and 24 percent as Catholic.

3. The number of Americans belonging to churches or other reli­gious organizations is surprisingly high compared to other nations.

4. This is not to suggest that religious__________________________

are not important in these other nations.

5. Freedom of worship is________________________ by the First

Amendment to the Constitution.

6. The First Amendment also_________________________ the

separation of church and state.

7. The importance of religion in American history should not be

8. I’d like to talk about the increasing__________________________

religion has________________________ in fairly recent history.

there was a religious_________________________ in the 1970s

that surprised many people.

7. The religious revival was_________________________ in nature

and, at first, largely confined to issues in the private sphere of life.

8. These issues, however, were very_________________________ in

nature and became quite_________________________ in a short

time.

9. Perhaps the "rise of the religious right" is a temporary in American life.

10. Some people predict that American society will become

increasingly_________________________ and less religious in the

future; others predict a more_________________________

political atmosphere based on conservative religious belief.

Follow-up: Check the spelling of the dictated words with your teacher.

Discuss the meanings of these words and any other unfamiliar words

in the sentences.

C. Predictions

Using the photograph and the vocabulary exercise as a starting point,

write three questions that you think will be answered in the lecture.

Examples: • What were the controversial issues that were involved in

the religious revival in the 1970s?

1._________________________________________________________

2.

3.

Follow-up: After you have written your questions, share them with your teacher and your classmates.

D. Notetaking Preparation

To save time while taking notes, it is useful to use symbols and abbre­viations. You may want to develop some of your own for words and phrases that you often hear. However, there are many that are com­monly used that you may find very helpful. The following are some of these commonly used symbols and abbreviations. Put a check next to the ones that are new to you and that you think might be helpful in your notetaking. Refer back to this page from time to time to see if you are using all the symbols and short abbreviations that would be useful in your notetaking.

Symbols

+ and, plus

& and

less, minus

= equals, is the same as, consists of

ф does not equal, is different from

> is greater than, is more than

< is less than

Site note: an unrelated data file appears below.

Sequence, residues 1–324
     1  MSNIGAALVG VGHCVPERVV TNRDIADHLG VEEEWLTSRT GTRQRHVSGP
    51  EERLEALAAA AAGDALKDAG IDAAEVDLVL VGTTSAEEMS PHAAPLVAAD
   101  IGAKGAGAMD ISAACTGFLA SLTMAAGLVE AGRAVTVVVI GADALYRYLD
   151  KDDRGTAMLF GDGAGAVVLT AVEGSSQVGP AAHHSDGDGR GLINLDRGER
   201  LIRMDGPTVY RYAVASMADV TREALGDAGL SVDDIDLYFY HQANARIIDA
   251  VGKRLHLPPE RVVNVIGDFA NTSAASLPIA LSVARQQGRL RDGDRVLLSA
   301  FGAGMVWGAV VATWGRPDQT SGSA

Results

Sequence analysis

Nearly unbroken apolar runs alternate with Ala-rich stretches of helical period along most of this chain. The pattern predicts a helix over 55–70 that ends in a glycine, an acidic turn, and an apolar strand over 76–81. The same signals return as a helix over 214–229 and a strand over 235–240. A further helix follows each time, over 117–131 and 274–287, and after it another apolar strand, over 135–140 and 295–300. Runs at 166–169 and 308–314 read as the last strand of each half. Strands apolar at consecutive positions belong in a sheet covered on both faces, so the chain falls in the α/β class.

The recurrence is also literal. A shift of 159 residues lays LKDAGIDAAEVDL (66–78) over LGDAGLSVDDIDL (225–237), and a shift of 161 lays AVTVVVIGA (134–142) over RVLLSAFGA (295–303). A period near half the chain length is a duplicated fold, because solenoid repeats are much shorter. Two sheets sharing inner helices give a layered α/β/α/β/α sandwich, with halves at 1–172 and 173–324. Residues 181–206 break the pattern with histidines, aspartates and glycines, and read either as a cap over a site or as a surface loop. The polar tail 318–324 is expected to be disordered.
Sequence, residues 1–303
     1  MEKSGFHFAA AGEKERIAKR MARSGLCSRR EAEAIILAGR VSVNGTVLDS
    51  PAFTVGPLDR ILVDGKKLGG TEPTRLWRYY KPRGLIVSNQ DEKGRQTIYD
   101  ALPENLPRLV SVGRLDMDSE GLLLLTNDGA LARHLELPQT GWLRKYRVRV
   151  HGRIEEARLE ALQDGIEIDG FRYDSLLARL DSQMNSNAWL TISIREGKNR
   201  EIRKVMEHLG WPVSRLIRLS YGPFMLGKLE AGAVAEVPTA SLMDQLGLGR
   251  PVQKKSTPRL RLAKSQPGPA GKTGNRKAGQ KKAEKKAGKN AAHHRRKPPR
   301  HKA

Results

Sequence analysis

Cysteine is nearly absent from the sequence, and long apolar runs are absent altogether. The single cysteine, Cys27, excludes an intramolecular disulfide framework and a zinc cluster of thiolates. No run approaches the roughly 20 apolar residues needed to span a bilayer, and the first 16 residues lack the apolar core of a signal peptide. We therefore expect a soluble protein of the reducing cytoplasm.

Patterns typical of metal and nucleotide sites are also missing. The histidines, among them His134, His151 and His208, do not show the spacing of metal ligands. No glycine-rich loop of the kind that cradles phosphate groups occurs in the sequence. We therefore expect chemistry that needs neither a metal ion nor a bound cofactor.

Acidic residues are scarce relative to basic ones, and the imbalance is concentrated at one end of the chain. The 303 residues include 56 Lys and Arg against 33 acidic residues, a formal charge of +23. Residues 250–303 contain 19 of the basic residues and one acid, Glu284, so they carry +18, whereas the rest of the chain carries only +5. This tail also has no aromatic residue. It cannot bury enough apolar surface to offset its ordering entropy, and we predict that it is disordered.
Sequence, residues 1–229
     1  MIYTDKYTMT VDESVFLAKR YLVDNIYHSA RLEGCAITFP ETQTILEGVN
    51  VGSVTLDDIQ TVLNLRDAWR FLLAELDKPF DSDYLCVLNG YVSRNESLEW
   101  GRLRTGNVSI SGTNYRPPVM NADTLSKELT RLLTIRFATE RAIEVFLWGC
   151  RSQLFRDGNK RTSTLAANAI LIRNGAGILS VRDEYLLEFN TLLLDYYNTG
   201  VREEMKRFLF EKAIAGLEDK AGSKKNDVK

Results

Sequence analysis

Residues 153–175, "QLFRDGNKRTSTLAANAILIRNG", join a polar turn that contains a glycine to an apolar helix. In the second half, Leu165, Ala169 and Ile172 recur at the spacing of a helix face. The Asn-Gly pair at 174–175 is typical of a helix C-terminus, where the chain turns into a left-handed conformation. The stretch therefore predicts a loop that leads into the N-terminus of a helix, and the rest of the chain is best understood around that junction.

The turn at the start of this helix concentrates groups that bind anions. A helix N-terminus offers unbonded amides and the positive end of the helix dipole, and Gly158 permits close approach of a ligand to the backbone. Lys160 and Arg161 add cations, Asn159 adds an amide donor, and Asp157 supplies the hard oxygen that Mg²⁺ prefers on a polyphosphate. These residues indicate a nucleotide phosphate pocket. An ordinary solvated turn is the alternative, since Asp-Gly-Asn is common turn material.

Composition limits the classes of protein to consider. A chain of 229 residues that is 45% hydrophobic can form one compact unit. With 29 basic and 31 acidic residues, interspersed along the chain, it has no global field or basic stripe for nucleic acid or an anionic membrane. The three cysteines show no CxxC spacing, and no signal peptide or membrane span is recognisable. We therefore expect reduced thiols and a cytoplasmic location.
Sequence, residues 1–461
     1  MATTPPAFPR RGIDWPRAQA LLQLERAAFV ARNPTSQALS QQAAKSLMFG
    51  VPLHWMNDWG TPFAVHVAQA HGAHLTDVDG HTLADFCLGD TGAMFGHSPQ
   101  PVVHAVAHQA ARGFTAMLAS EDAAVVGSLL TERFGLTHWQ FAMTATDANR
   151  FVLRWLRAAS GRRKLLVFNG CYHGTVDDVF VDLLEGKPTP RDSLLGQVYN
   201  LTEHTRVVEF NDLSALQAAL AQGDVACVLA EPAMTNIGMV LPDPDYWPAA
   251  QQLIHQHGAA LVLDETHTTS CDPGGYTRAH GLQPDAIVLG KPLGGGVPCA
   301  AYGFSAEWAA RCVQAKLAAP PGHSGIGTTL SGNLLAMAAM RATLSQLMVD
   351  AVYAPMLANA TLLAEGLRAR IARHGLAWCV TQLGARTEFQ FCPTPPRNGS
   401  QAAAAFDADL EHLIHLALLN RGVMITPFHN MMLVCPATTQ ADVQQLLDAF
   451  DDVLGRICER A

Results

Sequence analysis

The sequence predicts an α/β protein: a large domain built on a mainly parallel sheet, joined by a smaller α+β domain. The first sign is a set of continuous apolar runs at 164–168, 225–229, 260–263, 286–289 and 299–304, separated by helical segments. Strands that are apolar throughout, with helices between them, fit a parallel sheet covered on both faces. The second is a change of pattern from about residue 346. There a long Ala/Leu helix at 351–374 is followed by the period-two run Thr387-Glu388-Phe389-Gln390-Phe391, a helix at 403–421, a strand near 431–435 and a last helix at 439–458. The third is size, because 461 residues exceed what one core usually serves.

-> causes, results in, leads to

/> does not cause, does not result in, does not lead to

<- is caused by, results from

<■/■ is not caused by, does not result from

therefore

because, because of /" rises, increases

goes down, decreases

1 minute, feet (e. g., З’ = 3 feet)

" inches or ditto marks (repeat the word immediately above)

° degrees

% percent, percentage

$ dollar, money

e. g. for example

i. e. that is

etc. et cetera

cf. compare

c. about/approximately

ca. about/approximately

w/ with

w/o without

Listen to and take notes on the following sentences, which contain information taken from several lectures for which you could use some of the symbols and abbreviations above. Try to take down content words, abbreviate as many of these content words as possible, and use your notetaking symbols and abbreviations. You will hear each item two times.

(1-3 from lecture on population)

1.

2.

3.

(4-5 from lecture on immigration)

4.

4.

(6-7 from lecture on American family)

6.______________________________________________

7.

Follow-up: (1) Compare your notes with your classmates’. Reconstruct the full message of what you heard from your notes. (2) When you finish taking notes on today’s lecture on religion, look at your notes and see if there were places that you missed where you could have used a symbol such as < or a short abbreviation such as w/o to save time.

2. Rhetorical Cues

Read the following sentences, which contain rhetorical cues to help you follow the organization of the lecture. Decide in which order you will probably hear them. Number them from first (1) to fifth (5).

____ a. Let’s consider the first way America differs from these

other modernized nations.

____ b. Finally, let’s take a closer look at this rise in the influence

of religion on American political life.

____ c. Let’s take a look at two ways that religion in the United

States differs from religion in other modernized nations.

____ d. However, there is another somewhat contradictory differ­ence that we should also consider.

____ e. However, whether this group will be able to influence

political life for a long time cannot be known.

Follow-up: Discuss your answers as a class.

», LISTENING_______________________________________________

Q A. First Listening